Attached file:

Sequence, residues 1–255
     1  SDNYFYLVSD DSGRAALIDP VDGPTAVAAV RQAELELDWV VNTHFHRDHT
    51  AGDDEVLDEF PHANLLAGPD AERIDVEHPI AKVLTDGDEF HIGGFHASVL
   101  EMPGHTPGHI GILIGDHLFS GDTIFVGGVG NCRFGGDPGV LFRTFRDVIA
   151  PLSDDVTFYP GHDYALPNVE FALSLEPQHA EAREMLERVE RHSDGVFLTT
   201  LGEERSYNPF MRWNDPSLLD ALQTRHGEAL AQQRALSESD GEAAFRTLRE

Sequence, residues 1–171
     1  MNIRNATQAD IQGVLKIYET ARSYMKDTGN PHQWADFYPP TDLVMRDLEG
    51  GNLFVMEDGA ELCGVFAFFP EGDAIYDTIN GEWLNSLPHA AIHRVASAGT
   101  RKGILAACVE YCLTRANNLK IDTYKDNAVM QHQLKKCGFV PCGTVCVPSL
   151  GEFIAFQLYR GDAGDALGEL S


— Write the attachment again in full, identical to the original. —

Sequence, residues 1–255
     1  SDNYFYLVSD DSGRAALIDP VDGPTAVAAV RQAELELDWV VNTHFHRDHT
    51  AGDDEVLDEF PHANLLAGPD AERIDVEHPI AKVLTDGDEF HIGGFHASVL
   101  EMPGHTPGHI GILIGDHLFS GDTIFVGGVG NCRFGGDPGV LFRTFRDVIA
   151  PLSDDVTFYP GHDYALPNVE FALSLEPQHA EAREMLERVE RHSDGVFLTT
   201  LGEERSYNPF MRWNDPSLLD ALQTRHGEAL AQQRALSESD GEAAFRTLRE

Sequence, residues 1–171
     1  MNIRNATQAD IQGVLKIYET ARSYMKDTGN PHQWADFYPP TDLVMRDLEG
    51  GNLFVMEDGA ELCGVFAFFP EGDAIYDTIN GEWLNSLPHA AIHRVASAGT
   101  RKGILAACVE YCLTRANNLK IDTYKDNAVM QHQLKKCGFV PCGTVCVPSL
   151  GEFIAFQLYR GDAGDALGEL S